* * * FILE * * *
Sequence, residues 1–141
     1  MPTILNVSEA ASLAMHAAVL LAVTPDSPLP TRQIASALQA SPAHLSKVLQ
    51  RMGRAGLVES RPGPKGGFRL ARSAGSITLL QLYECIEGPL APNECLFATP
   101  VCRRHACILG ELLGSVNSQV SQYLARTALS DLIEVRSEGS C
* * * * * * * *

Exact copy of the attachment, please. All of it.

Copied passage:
Sequence, residues 1–141
     1  MPTILNVSEA ASLAMHAAVL LAVTPDSPLP TRQIASALQA SPAHLSKVLQ
    51  RMGRAGLVES RPGPKGGFRL ARSAGSITLL QLYECIEGPL APNECLFATP
   101  VCRRHACILG ELLGSVNSQV SQYLARTALS DLIEVRSEGS C